Google is paying a lot of money for its news licensing program, Microsoft announces an affordable laptop and Facebook says it won’t accept ads casting doubts on the election. This is your Daily Crunch for October 1, 2020.
The big story: Google commits $1B to pay publishers
Specifically, CEO Sundar Pichai said today that the company will be paying $1 billion to news publishers to license their content for a new format called the Google News Showcase — basically, panels highlighting stories from partner publishers in Google News.
Google outlined the broad strokes of this plan over the summer, but now it’s actually launching, and it has signed deals with 200 publications in Germany, Brazil, Argentina, Canada, the U.K. and Australia.
This announcement also comes as Google and Facebook are both facing battles in a number of countries as regulators and publishers pressure them for payments.
The tech giants
Microsoft adds the $549 Laptop Go to its growing Surface lineup — At $549, the Laptop Go is $50 more than the Surface Go tablet, but it’s still an extremely affordable take on the category.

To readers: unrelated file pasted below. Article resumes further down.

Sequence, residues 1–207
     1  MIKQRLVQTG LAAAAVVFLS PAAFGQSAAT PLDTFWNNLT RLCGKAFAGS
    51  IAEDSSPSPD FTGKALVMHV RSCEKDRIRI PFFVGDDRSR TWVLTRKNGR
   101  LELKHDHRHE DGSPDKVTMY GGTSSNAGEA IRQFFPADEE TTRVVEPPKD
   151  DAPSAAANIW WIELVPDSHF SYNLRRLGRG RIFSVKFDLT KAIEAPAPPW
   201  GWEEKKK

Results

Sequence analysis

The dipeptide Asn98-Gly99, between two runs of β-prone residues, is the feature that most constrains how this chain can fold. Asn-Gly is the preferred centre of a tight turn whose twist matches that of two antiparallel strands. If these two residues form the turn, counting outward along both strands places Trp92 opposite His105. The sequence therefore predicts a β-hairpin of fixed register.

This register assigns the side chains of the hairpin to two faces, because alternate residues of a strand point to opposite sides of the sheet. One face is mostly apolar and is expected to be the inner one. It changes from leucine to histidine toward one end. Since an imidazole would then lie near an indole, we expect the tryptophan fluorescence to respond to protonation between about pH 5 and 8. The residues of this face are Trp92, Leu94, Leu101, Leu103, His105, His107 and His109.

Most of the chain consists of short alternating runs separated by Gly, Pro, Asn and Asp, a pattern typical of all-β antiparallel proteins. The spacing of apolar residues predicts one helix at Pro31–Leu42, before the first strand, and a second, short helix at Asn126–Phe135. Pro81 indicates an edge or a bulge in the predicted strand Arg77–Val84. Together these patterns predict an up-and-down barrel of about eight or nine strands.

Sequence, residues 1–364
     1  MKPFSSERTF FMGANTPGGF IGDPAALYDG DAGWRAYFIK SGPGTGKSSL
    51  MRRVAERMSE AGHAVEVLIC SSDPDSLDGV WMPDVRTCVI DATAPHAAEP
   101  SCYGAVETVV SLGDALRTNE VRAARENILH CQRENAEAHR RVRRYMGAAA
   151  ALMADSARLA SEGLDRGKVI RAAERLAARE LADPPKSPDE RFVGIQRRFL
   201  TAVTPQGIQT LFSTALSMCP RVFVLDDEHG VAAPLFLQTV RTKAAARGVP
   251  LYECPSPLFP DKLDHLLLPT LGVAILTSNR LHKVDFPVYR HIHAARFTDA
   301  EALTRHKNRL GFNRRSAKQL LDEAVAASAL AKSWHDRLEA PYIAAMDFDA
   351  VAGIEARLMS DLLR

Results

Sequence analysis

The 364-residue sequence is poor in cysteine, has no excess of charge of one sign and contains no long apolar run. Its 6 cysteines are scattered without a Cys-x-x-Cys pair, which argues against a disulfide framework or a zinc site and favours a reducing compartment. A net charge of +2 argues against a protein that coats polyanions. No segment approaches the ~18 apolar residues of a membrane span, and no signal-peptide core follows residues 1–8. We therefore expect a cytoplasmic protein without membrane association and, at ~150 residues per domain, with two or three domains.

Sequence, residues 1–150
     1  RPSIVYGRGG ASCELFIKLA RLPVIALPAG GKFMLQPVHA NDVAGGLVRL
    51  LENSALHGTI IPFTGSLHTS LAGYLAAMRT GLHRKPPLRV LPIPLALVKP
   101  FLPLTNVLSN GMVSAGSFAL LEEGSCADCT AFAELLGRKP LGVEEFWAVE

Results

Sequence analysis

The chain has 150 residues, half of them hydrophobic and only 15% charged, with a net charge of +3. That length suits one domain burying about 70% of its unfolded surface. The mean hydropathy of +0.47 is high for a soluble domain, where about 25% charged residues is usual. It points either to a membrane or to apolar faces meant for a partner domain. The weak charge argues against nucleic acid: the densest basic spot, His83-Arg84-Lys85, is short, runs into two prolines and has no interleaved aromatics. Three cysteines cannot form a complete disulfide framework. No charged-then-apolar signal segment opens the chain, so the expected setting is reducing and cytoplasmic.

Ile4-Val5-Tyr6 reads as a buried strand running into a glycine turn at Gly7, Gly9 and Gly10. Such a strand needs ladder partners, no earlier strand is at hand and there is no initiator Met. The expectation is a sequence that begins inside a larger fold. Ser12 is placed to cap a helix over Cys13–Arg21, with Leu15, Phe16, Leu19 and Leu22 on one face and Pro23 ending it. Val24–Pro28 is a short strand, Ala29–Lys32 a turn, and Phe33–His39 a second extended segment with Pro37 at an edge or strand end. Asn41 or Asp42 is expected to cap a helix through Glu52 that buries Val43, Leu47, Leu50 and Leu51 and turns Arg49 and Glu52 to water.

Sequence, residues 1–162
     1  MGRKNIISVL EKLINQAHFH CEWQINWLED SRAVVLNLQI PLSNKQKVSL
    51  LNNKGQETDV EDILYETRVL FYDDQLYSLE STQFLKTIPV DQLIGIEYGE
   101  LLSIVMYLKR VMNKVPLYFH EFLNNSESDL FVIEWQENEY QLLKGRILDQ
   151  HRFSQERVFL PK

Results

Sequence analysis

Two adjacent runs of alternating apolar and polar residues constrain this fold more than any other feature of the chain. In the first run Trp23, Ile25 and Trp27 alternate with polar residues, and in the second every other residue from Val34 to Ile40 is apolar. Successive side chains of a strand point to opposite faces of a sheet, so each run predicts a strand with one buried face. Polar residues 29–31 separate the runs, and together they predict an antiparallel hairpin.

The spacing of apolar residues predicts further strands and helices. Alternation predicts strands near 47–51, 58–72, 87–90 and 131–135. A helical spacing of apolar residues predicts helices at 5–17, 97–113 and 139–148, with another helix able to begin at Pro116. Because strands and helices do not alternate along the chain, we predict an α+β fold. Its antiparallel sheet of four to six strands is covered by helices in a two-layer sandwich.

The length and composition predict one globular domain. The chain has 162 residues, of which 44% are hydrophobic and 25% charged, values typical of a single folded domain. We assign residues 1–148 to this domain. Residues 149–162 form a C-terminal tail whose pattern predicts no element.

Facebook won’t accept ads that ‘delegitimize’ US election results — Facebook said this includes ads “calling a method of voting inherently fraudulent or corrupt, or using isolated incidents of voter fraud to delegitimize the result of an election.”
Google now has three mid-range Pixel phones — Brian Heater unpacks the company’s smartphone strategy.
Startups, funding and venture capital
Working for social justice isn’t a ‘distraction’ for mission-focused companies — Passion Capital’s Eileen Burbidge weighs in on Coinbase’s controversial stance on politics.
Cazoo, the UK used car sales platform, raises another $311M, now valued at over $2.5B — The funding comes only six months after the company raised $116 million.
With $18M in new funding, Braintrust says it’s creating a fairer model for freelancers — The startup is using a cryptocurrency token that it calls Btrust to reward users who build the network.
Advice and analysis from Extra Crunch
Latin America’s digital transformation is making up for lost time — After more than a decade of gradual progress made through fits and starts, tech in Latin America finally hit its stride.
News apps in the US and China use algorithms to drive engagement, discovery — We examine various players in the field and ask how their black boxes affect people’s content consumption.
(Reminder: Extra Crunch is our subscription membership program, which aims to democratize information about startups. You can sign up here.)
Section 230 will be on the chopping block at the next big tech hearing — It looks like we’re in for another big tech CEO hearing.
What if the kernel is corrupt? — The latest episode of Equity discusses moderation issues at Clubhouse.
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